Book Review of The Push – Taut and Well Written
My Rating – 4 out of 5
Plot Summary – The Push
Ashley Audrain is a debutant, as an author. After you finish reading The Push, you will not believe it, so I’ve put that fact right at the beginning. This book is so captivating, so believable that many established authors who’ve been writing for decades, will be put to shame. The story is told in a first-person narrative and begins with the sappy teenage romance of Blythe and Fox and then a jump ahead in time – when Blythe watches her daughter Violet growing up in Fox’s new family from afar.
The pretext of this novel is motherhood, not the adorable, all-is-well, fairy tale types, but about the dark challenges of the pain, the sleepless nights and the focus of the world shifting onto the newborn. It is about the unspoken raw emotions of a woman transitioning into a new phase, alone and helpless, more often than not. The world believes you are awestruck by the new life you have birthed and all the pain and trauma is worth every second, and after a few years when you look back it is probably so, but then, at that moment, there are dark thoughts that cross your mind…
Blythe is the conflicted one, coming from a line of women – her grandmother Etta and mother Cecilia – who were both poor examples of motherhood. Her mother deserted her when she was 11, and those were years that left deep psychological scars on her soul. She’d promised to herself and to Fox, that she’ll be none of that. She’ll be the most perfect mother possible, spending quality time with her children and giving them the kind of childhood every child deserves.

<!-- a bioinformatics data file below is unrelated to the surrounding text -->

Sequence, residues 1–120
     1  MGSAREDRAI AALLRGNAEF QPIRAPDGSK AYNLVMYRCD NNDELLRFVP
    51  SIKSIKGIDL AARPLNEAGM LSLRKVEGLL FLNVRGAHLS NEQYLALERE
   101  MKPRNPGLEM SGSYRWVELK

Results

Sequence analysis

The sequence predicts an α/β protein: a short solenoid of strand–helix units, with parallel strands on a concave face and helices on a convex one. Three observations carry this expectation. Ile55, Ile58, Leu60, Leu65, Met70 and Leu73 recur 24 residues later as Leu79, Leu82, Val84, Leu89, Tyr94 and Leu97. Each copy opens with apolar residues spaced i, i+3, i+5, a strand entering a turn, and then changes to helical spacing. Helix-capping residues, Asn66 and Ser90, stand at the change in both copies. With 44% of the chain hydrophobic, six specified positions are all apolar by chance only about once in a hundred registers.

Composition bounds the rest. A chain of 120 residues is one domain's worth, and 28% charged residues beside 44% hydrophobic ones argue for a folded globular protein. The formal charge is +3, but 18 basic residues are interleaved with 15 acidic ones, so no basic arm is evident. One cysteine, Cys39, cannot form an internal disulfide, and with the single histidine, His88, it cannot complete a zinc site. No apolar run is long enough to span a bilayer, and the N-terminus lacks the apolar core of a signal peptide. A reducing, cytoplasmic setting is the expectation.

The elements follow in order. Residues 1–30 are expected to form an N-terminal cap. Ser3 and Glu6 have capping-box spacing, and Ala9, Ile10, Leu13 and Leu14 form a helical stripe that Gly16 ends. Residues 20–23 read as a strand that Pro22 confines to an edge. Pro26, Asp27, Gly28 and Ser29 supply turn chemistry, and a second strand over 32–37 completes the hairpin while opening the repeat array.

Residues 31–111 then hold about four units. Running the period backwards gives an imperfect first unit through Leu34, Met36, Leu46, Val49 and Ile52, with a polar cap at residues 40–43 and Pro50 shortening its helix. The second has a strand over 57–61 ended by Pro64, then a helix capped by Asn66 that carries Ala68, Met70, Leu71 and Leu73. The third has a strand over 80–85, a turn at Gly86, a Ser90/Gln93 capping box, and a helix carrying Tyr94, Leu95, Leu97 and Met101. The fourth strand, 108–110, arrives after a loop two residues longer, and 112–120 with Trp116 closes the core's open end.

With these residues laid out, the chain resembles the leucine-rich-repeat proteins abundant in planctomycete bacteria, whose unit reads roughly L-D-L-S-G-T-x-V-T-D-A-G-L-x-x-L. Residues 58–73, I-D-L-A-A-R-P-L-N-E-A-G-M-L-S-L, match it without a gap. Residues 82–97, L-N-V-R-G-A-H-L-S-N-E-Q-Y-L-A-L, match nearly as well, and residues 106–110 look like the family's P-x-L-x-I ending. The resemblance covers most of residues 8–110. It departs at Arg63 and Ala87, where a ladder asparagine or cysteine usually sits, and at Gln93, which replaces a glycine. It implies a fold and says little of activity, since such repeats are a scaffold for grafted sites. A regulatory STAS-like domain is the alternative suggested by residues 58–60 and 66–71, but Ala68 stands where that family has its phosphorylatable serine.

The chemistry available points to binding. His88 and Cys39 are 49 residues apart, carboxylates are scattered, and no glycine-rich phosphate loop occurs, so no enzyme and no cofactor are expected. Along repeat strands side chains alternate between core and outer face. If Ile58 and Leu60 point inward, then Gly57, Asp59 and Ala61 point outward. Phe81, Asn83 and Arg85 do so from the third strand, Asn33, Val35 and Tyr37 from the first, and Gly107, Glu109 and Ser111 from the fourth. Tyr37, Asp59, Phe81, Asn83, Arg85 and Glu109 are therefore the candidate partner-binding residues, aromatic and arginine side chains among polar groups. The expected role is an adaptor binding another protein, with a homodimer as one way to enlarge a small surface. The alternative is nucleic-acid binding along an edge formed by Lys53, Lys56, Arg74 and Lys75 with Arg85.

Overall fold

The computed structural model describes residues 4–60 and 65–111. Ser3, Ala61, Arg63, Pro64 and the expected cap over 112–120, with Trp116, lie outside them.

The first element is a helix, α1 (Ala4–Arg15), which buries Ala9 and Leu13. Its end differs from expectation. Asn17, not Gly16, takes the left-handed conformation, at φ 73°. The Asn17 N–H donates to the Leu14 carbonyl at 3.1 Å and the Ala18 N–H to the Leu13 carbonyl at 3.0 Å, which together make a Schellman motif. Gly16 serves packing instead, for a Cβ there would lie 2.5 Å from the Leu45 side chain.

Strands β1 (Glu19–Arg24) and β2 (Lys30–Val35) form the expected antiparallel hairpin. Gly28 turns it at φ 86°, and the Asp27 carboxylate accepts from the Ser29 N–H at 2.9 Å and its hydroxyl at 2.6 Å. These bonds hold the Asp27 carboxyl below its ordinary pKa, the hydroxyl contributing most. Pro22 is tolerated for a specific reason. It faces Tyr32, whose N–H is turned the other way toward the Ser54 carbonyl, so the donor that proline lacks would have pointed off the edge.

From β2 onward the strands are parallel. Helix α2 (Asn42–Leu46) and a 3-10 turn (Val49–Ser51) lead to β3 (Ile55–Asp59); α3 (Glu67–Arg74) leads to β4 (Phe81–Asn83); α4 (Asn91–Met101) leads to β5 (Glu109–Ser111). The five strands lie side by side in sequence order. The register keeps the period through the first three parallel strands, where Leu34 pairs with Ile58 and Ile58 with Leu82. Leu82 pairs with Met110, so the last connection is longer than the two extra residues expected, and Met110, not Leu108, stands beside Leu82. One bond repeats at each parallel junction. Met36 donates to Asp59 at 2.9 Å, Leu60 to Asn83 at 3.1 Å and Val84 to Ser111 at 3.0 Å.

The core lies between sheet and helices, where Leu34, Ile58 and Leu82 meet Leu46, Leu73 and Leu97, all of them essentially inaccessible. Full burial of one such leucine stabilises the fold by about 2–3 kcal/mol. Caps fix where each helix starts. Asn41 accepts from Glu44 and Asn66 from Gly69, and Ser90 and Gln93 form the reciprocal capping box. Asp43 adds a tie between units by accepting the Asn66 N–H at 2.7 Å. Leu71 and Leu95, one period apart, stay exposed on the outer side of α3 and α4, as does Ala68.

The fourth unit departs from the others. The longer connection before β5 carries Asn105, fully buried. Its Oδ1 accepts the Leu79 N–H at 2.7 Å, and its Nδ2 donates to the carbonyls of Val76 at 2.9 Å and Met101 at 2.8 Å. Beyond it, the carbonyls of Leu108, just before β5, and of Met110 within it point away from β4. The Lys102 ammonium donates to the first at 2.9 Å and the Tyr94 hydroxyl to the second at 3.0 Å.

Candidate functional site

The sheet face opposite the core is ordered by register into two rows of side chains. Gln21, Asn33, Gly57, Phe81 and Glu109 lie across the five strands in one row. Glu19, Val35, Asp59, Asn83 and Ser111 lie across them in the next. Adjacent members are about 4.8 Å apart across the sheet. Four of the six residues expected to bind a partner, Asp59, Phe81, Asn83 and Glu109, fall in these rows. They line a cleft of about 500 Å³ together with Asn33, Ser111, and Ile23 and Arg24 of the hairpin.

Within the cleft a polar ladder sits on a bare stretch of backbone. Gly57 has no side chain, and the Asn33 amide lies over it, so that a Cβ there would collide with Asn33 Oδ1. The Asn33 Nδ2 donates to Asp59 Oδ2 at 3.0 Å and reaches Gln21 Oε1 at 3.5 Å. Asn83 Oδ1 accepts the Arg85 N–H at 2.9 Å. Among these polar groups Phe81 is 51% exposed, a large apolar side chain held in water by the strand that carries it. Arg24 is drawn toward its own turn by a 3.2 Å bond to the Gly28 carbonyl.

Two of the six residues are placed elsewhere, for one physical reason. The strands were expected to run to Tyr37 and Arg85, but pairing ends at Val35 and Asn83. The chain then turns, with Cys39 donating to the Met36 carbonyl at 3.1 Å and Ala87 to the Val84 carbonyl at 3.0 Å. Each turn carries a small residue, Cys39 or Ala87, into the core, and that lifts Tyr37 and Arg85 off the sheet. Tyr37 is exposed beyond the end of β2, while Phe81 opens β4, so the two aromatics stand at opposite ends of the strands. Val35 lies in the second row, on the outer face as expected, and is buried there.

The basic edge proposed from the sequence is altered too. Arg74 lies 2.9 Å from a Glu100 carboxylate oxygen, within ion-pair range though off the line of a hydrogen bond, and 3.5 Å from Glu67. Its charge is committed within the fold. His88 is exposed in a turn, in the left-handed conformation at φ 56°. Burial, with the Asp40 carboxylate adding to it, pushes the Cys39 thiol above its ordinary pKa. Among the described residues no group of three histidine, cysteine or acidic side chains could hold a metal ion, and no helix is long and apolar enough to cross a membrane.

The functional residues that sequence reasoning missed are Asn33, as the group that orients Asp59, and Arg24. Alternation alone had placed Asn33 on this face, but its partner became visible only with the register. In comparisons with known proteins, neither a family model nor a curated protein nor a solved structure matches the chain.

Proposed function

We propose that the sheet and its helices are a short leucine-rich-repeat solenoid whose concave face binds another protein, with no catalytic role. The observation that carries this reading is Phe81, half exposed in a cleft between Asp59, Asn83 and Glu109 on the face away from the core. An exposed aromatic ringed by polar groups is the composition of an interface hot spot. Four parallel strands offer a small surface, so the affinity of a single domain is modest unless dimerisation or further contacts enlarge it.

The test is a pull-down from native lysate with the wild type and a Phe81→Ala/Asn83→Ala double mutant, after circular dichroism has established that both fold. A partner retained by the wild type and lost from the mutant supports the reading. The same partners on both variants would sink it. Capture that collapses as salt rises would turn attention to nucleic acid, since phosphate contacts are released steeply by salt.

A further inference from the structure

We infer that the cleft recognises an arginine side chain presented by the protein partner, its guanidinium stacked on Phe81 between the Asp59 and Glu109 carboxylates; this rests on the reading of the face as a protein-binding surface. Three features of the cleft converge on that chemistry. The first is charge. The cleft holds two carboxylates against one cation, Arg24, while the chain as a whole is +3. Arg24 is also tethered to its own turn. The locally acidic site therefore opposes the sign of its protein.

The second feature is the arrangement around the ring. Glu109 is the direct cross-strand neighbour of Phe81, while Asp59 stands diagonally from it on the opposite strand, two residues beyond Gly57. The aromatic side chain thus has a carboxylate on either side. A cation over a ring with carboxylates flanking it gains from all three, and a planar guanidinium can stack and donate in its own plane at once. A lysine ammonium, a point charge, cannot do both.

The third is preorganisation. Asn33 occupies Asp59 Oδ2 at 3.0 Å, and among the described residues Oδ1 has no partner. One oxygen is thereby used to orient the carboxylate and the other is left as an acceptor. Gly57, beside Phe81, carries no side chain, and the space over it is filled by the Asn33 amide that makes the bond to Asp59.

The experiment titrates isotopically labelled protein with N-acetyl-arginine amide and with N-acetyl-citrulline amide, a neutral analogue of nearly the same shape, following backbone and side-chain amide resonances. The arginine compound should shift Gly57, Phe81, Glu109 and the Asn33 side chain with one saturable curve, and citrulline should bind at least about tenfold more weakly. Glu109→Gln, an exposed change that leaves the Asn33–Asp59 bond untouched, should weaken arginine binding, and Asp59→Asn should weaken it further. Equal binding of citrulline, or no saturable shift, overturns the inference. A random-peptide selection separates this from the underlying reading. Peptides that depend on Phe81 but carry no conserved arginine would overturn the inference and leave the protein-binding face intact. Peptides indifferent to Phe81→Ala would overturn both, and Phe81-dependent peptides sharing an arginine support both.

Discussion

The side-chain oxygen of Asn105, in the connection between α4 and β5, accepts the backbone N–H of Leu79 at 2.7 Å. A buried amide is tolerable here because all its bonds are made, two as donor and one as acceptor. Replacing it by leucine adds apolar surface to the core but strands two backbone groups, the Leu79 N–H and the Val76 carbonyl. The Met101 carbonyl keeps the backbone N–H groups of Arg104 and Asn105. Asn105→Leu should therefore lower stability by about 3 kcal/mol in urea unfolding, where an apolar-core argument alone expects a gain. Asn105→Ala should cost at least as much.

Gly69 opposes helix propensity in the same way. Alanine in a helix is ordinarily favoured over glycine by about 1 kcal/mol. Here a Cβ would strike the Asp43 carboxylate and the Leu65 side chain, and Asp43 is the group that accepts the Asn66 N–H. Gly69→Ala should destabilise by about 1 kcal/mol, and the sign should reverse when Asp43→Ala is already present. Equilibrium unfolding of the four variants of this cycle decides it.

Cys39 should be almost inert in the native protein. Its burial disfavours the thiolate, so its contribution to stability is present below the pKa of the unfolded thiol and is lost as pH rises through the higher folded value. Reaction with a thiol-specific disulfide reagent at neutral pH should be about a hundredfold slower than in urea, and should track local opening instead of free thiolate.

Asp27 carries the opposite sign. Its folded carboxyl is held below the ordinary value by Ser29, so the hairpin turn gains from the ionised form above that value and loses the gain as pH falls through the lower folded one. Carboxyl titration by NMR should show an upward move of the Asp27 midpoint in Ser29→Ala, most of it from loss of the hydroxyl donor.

This is where reality intervenes – Violet is born to Blythe and Fox – the bundle of joy every parent looks forward to. Outwardly Blythe says and does all the right things, but deep inside she feels that Violet doesn’t like her – as if she senses the discomfort in Blythe, a teeny sense that Blythe doesn’t like her too and therefore rebuffs all Blythe’s efforts to be a normal mother to her. This conflict between mother and daughter doesn’t escape Fox’s notice, but his efforts to placate Blythe’s fears fall on deaf ears after a while.
When their son Sam is born, the magic is instantaneous and diametrically different. Blythe feels an emotional attachment with Sam that she’s never felt with Violet and the reader’s opinion goes topsy-turvy again! Then unspeakable tragedy strikes and their entire world changed in that instant. Dark psychological traumas of a blistered childhood shape the future of a child when he/she grows up, but rarely do we look at what it does to would-be mothers’ mental make-up.
Conclusion of the review of The Push
The Push is a force of nature, sucking the reader into a dark world of troubled psychology. It holds you by the scruff of your neck and doesn’t let go till the last page and even then you hanker for more! Motherhood has never been nor will ever be a bed of roses, one has to experience it to know what I mean. Men, who have an outside view of it, can never thoroughly comprehend the immensity of that role or responsibility.
The dark unspoken aspects of motherhood – even the most conflicted and outspoken women would shy away from voicing it openly – makes up the gist of The Push. It’s troubling….brilliant storytelling which makes it such a compulsive read. Much after you finish reading the novel, the aftershocks keep rocking you, such is the power and strength of the narrative. Read it if you haven’t yet, and you are welcome already!!